For most Americans, mutual funds are the synapse between them and Wall Street. We use mutual funds to place our bets on the future of the U.S. (and global) stock markets, and our retirement hopes ride on the outcome.
That's a monumental responsibility, and many mutual fund firms and managers strive to meet it, placing paramount importance on the long-term interests of individual investors. We try to praise such funds with columns such as
this week's 10 Questions interview.
Unfortunately, plenty of fund firms look out for No. 1 first and foremost in their bid to lure and retain assets. They roll out and relentlessly advertise funds in hot categories that no investor needs, tack on fees that do nothing for investors except lighten their wallet and their managers disregard the fundamentals of investing to chase performance over the short term.
Lots of funds are guilty of this behavior, and it is a great disservice to individuals. Today's column delves into the
Four Things I Hate About Mutual Funds
. Not all mutual funds engage in lousy, self-serving behavior, but plenty do and investors need to know if their funds are among them. Now that everybody feels safe once again to open up their quarterly performance statements because the market is up, look closer to see how many of the following items your funds are guilty of.
1. High Costs
When choosing a mutual fund, most individuals look first for the one thing that doesn't come with a guarantee: recent performance. What they should look for first is a fund's costs. Great performance may come and go, but costs last forever.
In fact, costs are rising. In 1981, the expense ratio for the average stock fund was 0.97%. Twenty-two years later, the average expense ratio is now 1.6%, according to Morningstar. Add in turnover costs and other expenses -- such as 12b-1 fees, through which you foot the bill for your fund's marketing expenses! -- and the average stock fund runs as high as 3% a year. On top of that, scores of funds carry load fees -- sales charges of up to 5.75% on the front end or back end of a purchase. And costs aren't getting higher because life is getting harder for mutual funds -- these firms, the skippers and their boards still make plenty of money, rest assured.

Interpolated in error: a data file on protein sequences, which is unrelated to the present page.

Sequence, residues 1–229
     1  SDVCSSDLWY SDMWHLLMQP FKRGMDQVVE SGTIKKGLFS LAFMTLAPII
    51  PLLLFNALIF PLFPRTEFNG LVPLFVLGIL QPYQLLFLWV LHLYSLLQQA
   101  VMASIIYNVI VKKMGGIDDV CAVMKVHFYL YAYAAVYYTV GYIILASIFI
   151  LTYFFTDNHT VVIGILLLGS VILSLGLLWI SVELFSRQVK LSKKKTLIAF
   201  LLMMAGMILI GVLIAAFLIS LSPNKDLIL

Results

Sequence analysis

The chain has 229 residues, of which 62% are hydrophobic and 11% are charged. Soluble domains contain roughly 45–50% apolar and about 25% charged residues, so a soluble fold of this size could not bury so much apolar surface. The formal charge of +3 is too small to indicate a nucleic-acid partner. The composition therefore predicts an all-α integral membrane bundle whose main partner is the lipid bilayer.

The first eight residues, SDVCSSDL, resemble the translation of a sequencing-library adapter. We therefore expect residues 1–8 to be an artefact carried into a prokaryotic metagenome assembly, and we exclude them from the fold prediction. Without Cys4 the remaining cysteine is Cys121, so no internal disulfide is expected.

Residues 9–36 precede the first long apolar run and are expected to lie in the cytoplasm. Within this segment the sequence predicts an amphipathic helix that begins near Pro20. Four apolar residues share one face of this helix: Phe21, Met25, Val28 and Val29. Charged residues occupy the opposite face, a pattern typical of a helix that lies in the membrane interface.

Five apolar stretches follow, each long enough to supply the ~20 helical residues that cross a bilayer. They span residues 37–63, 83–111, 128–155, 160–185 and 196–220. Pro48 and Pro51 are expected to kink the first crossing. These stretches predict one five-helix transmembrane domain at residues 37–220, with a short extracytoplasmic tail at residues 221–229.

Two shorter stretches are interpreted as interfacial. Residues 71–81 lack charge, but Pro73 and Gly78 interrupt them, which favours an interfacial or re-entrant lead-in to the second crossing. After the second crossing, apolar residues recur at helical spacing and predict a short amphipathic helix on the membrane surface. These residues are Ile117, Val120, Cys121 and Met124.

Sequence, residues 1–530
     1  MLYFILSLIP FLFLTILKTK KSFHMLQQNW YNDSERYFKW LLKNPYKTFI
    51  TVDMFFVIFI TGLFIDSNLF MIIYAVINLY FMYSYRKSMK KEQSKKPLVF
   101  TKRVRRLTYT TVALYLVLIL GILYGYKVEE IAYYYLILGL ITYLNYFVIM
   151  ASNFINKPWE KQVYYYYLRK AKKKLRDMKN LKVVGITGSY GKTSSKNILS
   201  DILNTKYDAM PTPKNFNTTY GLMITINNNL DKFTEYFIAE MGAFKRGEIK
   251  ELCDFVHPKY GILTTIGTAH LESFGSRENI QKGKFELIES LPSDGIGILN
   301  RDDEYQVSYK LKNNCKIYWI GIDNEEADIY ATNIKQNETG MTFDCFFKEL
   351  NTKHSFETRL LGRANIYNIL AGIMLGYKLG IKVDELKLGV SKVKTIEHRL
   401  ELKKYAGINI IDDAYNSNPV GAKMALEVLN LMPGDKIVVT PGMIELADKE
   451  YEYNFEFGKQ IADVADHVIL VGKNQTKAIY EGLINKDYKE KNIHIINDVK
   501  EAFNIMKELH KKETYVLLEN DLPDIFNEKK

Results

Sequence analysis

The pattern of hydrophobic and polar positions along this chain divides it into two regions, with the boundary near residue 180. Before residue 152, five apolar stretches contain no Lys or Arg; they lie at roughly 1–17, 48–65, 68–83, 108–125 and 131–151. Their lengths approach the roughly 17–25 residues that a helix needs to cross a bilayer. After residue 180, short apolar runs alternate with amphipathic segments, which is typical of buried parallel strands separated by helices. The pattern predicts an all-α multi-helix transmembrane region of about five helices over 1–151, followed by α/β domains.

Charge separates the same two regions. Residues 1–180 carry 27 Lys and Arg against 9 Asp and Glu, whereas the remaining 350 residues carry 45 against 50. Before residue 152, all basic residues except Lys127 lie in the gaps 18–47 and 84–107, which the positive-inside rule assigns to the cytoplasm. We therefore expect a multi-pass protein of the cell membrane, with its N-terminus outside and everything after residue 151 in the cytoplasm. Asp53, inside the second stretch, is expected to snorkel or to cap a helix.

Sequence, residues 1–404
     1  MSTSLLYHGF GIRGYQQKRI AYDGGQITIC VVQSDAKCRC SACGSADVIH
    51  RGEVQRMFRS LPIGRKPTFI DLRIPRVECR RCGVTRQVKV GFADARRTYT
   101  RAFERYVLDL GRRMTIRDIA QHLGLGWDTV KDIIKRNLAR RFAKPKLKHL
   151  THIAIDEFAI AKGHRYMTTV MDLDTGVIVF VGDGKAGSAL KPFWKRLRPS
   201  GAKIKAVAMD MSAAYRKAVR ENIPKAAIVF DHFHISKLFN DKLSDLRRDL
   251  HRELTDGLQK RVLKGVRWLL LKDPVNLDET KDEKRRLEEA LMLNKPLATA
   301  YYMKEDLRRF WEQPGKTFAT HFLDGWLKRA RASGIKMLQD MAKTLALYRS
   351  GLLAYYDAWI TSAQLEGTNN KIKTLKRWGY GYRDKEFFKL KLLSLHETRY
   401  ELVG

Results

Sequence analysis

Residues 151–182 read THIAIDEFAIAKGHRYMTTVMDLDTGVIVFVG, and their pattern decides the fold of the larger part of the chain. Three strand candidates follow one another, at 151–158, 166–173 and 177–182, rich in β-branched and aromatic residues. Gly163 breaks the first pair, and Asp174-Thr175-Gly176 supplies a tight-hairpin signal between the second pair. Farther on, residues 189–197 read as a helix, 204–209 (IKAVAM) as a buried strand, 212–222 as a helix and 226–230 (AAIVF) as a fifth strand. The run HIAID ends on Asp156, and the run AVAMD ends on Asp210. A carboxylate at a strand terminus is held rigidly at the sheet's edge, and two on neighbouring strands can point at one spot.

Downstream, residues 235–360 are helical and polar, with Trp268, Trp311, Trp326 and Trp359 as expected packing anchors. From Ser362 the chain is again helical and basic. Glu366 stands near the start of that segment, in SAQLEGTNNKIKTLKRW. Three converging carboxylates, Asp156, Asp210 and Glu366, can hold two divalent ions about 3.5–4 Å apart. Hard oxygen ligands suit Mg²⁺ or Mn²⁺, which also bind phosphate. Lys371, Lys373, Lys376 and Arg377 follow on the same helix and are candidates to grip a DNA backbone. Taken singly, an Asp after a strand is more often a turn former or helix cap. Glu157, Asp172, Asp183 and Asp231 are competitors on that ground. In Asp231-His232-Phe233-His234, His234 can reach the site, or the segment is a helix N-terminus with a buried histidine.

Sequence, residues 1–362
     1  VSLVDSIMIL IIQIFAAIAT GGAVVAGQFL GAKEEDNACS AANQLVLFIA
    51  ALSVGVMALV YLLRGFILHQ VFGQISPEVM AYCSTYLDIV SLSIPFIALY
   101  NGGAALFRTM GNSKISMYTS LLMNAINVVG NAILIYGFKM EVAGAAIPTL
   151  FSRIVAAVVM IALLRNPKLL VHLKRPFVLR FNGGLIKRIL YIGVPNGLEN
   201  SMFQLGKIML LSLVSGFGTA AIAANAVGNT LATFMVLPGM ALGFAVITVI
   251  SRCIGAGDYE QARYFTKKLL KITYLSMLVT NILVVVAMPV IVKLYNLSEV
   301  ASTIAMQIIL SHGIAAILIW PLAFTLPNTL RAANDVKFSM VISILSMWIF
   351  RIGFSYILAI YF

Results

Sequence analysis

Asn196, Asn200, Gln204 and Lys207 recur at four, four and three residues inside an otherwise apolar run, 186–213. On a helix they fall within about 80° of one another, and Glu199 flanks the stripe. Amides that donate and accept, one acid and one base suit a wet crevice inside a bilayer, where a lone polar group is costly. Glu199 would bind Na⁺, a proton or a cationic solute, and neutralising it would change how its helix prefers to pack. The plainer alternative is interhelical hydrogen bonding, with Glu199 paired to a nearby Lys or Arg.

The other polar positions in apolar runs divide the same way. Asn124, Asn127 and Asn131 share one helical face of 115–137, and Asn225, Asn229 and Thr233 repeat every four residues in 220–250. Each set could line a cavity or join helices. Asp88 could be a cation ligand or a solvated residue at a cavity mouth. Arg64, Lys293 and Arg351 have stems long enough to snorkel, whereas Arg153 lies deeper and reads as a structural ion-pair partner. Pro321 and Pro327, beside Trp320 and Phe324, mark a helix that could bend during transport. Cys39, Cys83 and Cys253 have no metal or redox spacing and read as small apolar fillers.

Folks, the greatest thing you have working in your favor as long-term investors is compound annual growth.
High costs are the mortal enemy of compound annual growth
. Why? Consider this example from Vanguard founder John Bogle's great book,
Common Sense on Mutual Funds
. A $10,000 investment that grows at 12% a year for 40 years (good luck finding 12% a year for the next 40 years, but stay with me) would be worth $931,000. Now, lop off the two percentage points for a 10% average annual growth rate, and you're left with a $453,000 -- less than 49% of the value of the 12% return!
Death by a thousand fees isn't going to show up in a quarterly fund statement. But look at your fund's expense ratio, then go to Morningstar's
Web site and see how it stacks up with its peers. Does this fund really deserve to charge you 1.5% to 3% for its returns? Do you really feel you should be paying a 12b-1 marketing fee, even though studies have shown investors get no benefits from them? If not, think long and hard about finding a low-cost index fund or a fund from a family that keeps costs down.
I can think of only two walks of life where failure seven times out of 10 is considered acceptable: baseball and mutual funds.
Now, a .300 hitter in baseball is a beautiful thing -- if the Phillies had two more, they might win the World Series this year. Investing is another matter. Over the past 10 years, only 28.3% of all actively managed U.S. stock funds managed to beat the
; the average fund returned 8.37% a year compared with 10.04% for the index, according to fund-tracker Lipper. Only 10.8% of those funds beat the index by more than two percentage points. (Returns have been much better over five years -- 58.7% beat the benchmark -- but the one-year number drops back down to 32.7%.)